Add a Ukrainian mobster, a high-money land grab, and some deft legal and risk-taking twists, and it looks like Jake Longly could get hooked on the adventurous side of his dad's PI business, after all. That is, if he and Nicole can survive!

With a quick pace, great scenes, and "murder and mayhem" right and left, DEEP SIX promises a lively new series ahead for D.P. Lyle and Oceanview. Add it to the summer reading stack, for sure!

Lisa Brackman Returns to U.S. Thriller Line, with GO-BETWEEN from Soho Crime

I'm a total fan of Lisa Brackmann's China-set crime series that began with Rock Paper Tiger, followed by Hour of the Rat and Dragon Day. Ellie McEnroe, an Iraq war vet with a bad leg, flashbacks, and a serious passion for life in modern China, gets pretty mixed up in how she handles life, especially the political pressures and risks that Americans can trigger in that place. Her mistakes are understandable, and her frustrations and loyalties appeal to me.

The thriller route that Brackmann also opened with Michelle Mason in Getaway rubbed me wrong -- I felt as though Michelle's poor choices didn't make sense for how smart she is. So I'm glad to say that with the second book in this series, GO-BETWEEN, Michelle seems to have her smarts back into place. Unfortunately, her situation -- partnered with a serious cannabis merchant in northern California -- is designed for failure, and when her boyfriend Danny gets arrested and tossed into the for-profit prison system, it's clear that the sociopathic ex-CIA agent who got them into this mess to start with is back in their lives. For the worse, actually.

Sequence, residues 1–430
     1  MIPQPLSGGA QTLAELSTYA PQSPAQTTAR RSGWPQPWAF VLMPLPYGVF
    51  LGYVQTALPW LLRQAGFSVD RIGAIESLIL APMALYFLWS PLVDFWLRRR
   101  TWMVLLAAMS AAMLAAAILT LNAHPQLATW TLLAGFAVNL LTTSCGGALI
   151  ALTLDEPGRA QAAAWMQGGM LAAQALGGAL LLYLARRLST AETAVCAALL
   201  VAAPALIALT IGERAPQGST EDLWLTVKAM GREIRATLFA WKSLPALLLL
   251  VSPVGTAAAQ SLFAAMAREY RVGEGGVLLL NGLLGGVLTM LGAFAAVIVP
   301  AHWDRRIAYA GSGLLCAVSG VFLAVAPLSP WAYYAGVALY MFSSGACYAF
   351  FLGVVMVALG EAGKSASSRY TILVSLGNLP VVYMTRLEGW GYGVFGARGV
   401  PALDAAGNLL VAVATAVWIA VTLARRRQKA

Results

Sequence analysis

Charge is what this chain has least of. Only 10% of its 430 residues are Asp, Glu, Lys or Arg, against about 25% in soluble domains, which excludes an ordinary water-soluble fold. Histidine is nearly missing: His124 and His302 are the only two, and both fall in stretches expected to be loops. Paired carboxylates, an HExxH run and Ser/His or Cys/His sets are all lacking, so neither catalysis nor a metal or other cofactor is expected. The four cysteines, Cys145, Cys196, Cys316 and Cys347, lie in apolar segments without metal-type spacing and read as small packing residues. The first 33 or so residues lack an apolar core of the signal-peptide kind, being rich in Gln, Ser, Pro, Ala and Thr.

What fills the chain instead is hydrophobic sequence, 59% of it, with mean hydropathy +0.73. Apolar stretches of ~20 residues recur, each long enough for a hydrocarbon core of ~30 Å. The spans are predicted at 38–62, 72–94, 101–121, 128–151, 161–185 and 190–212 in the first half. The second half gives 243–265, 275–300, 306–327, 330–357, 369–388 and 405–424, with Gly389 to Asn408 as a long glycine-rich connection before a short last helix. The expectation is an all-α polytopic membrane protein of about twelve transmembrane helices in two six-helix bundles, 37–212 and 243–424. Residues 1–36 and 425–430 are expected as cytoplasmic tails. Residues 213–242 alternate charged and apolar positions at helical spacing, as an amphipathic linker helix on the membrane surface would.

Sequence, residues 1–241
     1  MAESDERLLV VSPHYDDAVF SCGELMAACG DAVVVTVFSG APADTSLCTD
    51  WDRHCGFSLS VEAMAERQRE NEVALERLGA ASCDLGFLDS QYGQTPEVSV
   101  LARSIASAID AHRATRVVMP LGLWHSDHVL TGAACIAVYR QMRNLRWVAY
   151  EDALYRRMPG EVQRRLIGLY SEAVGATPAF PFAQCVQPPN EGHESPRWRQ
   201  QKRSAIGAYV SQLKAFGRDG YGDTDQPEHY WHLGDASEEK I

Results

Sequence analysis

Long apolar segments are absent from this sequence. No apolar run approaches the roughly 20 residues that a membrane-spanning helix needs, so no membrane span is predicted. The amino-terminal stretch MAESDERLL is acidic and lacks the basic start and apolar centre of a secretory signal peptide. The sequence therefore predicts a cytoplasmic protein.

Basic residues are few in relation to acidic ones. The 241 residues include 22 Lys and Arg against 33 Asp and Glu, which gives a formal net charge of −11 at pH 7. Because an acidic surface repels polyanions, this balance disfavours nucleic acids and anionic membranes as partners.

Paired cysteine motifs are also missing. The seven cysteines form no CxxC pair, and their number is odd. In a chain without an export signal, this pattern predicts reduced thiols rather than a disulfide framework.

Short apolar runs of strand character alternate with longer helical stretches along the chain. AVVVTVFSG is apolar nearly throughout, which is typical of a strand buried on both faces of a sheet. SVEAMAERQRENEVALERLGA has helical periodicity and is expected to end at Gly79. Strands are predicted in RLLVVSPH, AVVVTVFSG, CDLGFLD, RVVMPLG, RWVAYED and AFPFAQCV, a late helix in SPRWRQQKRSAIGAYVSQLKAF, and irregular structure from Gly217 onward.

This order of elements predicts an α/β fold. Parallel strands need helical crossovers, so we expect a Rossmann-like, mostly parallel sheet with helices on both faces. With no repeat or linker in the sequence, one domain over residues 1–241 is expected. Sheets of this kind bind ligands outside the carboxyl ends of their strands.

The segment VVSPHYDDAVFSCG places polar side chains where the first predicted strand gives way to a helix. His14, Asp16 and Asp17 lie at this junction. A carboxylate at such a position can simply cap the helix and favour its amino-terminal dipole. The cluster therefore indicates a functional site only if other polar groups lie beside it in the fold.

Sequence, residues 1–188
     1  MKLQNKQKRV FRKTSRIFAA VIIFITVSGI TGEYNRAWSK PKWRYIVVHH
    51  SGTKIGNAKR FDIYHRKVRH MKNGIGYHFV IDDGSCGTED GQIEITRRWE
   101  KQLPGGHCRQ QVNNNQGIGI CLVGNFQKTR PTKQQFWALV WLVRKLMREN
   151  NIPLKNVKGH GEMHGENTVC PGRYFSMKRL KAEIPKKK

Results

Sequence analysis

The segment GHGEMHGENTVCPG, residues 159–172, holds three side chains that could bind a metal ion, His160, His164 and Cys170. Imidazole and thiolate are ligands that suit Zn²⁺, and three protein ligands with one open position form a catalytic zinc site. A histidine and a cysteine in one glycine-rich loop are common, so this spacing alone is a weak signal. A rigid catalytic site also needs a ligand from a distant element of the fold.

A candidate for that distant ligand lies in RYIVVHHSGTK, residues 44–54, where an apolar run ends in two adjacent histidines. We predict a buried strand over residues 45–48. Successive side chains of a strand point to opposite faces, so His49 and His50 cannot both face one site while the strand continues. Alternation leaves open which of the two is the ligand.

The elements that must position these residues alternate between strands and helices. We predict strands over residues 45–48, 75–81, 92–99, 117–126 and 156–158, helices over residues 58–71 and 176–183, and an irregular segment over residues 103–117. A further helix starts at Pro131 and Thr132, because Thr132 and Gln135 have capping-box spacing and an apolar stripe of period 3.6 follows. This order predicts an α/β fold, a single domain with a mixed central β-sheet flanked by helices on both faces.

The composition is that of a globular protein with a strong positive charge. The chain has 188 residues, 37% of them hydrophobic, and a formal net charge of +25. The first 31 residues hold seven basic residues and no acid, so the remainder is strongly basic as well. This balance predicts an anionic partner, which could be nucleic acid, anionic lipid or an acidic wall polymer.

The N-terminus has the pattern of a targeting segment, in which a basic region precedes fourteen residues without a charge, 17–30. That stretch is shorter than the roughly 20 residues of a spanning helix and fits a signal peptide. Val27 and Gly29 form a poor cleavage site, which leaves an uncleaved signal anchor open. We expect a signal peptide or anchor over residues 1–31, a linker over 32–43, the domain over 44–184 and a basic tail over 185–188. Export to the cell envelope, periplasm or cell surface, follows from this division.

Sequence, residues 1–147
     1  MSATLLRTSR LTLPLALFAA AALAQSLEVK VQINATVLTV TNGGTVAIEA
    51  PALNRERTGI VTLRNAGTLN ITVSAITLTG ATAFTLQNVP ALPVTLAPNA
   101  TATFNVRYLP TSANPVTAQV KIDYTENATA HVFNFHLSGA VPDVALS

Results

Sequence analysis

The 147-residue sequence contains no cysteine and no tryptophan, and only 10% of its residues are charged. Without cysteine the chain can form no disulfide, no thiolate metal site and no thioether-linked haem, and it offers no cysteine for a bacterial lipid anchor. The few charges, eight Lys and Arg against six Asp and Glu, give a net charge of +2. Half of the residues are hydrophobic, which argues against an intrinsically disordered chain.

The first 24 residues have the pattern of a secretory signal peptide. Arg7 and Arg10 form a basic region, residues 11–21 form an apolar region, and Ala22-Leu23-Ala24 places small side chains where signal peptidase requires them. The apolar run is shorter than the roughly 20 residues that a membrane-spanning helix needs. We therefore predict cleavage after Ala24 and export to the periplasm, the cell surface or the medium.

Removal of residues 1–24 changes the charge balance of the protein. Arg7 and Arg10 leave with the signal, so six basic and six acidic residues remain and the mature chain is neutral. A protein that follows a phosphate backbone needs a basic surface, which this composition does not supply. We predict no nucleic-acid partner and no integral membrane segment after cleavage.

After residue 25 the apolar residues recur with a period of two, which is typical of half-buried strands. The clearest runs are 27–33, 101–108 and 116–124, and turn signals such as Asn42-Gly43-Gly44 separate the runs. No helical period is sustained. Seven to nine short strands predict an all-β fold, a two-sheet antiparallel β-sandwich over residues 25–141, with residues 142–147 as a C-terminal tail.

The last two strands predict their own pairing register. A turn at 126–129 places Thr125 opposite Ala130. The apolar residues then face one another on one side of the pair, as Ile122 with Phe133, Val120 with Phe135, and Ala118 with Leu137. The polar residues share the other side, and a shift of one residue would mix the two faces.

I like the way Brackmann takes us into Michelle's struggle to assess and confront the situation:
You can't worry about that now, she told herself. First things first. See Danny. Tell him what was going on. Find out what he thought she should do.

She'd worked through all the options, and she thought she knew what the best one was, but maybe he had a better idea. An angle she hadn't thought of. Because the best option she'd thought of for this situation wasn't very good at all.
Ironically, what Gary -- the ex-CIA manipulator -- wants Michelle and Danny to do for him is connected to the war on drugs, as well as big-money politics and the role of nonprofits with wealth behind them. Michelle's assessment turns out to be on target: There are no good options this time.

Dark, quirky, moderately violent, and a page-turned for its intrigue and smart twists, GO-BETWEEN captures the nightmare of every person who's ever done something "a little bit against the law" -- and is waiting for the penalty stage of capture and punishment. Scary stuff, and a compelling read as a modern thriller with bite! (From Soho Crime, of course ...)

Western Crime Fiction Crosses Into Science Spec, in YELLOWSTONE STANDOFF, Scott Graham